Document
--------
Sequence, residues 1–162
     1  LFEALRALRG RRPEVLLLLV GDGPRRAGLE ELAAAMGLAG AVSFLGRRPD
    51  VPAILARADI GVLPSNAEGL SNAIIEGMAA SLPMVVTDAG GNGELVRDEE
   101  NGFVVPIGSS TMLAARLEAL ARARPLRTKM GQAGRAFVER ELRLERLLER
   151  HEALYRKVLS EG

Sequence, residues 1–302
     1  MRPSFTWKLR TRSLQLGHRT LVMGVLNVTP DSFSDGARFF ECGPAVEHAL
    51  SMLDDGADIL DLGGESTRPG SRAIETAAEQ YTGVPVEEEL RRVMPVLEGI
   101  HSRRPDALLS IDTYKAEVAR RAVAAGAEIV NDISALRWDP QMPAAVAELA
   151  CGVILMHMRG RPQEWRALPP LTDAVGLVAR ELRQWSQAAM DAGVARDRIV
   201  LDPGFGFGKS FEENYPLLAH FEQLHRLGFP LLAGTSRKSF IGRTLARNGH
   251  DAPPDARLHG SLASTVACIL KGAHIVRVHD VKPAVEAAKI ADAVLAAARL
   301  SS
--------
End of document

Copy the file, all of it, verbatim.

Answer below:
Sequence, residues 1–162
     1  LFEALRALRG RRPEVLLLLV GDGPRRAGLE ELAAAMGLAG AVSFLGRRPD
    51  VPAILARADI GVLPSNAEGL SNAIIEGMAA SLPMVVTDAG GNGELVRDEE
   101  NGFVVPIGSS TMLAARLEAL ARARPLRTKM GQAGRAFVER ELRLERLLER
   151  HEALYRKVLS EG

Sequence, residues 1–302
     1  MRPSFTWKLR TRSLQLGHRT LVMGVLNVTP DSFSDGARFF ECGPAVEHAL
    51  SMLDDGADIL DLGGESTRPG SRAIETAAEQ YTGVPVEEEL RRVMPVLEGI
   101  HSRRPDALLS IDTYKAEVAR RAVAAGAEIV NDISALRWDP QMPAAVAELA
   151  CGVILMHMRG RPQEWRALPP LTDAVGLVAR ELRQWSQAAM DAGVARDRIV
   201  LDPGFGFGKS FEENYPLLAH FEQLHRLGFP LLAGTSRKSF IGRTLARNGH
   251  DAPPDARLHG SLASTVACIL KGAHIVRVHD VKPAVEAAKI ADAVLAAARL
   301  SS